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, 84 (10), 1424-31

Relationships Between Drug Activity in NCI Preclinical in Vitro and in Vivo Models and Early Clinical Trials

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Relationships Between Drug Activity in NCI Preclinical in Vitro and in Vivo Models and Early Clinical Trials

J I Johnson et al. Br J Cancer.

Abstract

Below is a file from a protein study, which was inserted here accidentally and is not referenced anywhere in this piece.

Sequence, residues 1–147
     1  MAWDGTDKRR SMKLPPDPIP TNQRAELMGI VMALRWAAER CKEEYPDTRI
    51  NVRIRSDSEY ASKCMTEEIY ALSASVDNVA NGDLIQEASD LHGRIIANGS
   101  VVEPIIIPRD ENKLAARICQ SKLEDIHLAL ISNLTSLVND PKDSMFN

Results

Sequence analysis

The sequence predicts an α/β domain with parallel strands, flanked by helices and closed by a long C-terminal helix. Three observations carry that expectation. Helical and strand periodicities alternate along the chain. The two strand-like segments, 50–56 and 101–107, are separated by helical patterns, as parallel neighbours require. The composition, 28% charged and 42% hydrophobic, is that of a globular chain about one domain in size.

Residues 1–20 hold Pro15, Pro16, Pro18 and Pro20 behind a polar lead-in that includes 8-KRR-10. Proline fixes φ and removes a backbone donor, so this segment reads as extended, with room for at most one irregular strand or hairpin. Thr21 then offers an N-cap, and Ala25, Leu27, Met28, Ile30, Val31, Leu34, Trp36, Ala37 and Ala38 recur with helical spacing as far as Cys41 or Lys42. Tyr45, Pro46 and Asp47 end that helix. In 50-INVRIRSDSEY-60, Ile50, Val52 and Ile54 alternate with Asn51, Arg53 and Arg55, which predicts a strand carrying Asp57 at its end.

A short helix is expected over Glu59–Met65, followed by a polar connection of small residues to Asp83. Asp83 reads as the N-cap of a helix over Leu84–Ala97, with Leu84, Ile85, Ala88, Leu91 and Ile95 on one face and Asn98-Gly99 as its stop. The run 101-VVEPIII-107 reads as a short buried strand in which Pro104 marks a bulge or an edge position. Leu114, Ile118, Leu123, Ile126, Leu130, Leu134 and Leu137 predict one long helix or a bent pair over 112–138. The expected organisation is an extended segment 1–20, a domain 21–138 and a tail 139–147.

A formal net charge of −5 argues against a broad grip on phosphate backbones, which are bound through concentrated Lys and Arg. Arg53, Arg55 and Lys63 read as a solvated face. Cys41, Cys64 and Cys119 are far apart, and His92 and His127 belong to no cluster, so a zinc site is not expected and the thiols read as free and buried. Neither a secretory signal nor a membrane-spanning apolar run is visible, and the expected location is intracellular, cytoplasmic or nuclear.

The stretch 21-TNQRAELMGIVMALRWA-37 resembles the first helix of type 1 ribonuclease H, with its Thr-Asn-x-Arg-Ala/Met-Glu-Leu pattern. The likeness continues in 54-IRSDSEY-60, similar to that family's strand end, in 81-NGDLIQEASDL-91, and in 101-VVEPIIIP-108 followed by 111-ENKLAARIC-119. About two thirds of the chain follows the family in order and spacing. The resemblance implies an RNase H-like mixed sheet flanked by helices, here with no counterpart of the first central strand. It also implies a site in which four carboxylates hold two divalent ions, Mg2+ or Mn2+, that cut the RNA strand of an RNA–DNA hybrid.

An analysis of the activity of compounds tested in pre-clinical in vivo and in vitro assays by the National Cancer Institute's Developmental Therapeutics Program was performed. For 39 agents with both xenograft data and Phase II clinical trials results available, in vivo activity in a particular histology in a tumour model did not closely correlate with activity in the same human cancer histology, casting doubt on the correspondence of the pre-clinical models to clinical results. However, for compounds with in vivo activity in at least one-third of tested xenograft models, there was correlation with ultimate activity in at least some Phase II trials. Thus, an efficient means of predicting activity in vivo models remains desirable for compounds with anti-proliferative activity in vitro. For 564 compounds tested in the hollow fibre assay which were also tested against in vivo tumour models, the likelihood of finding xenograft activity in at least one-third of the in vivo models tested rose with increasing intraperitoneal hollow fibre activity, from 8% for all compounds tested to 20% in agents with evidence of response in more than 6 intraperitoneal fibres (P< 0.0001). Intraperitoneal hollow fibre activity was also found to be a better predictor of xenograft activity than either subcutaneous hollow fibre activity or intraperitoneal plus subcutaneous activity combined. Since hollow fibre activity was a useful indicator of potential in vivo response, correlates with hollow fibre activity were examined for 2304 compounds tested in both the NCI 60 cell line in vitro cancer drug screen and hollow fibre assay. A positive correlation was found for histologic selectivity between in vitro and hollow fibre responses. The most striking correlation was between potency in the 60 cell line screen and hollow fibre activity; 56% of compounds with mean 50% growth inhibition below 10(-7.5) M were active in more than 6 intraperitoneal fibres whereas only 4% of compounds with a potency of 10(-4) M achieved the same level of hollow fibre activity (P< 0.0001). Structural parameters of the drugs analysed included compound molecular weight and hydrogen-bonding factors, both of which were found to be predictive of hollow fibre activity.

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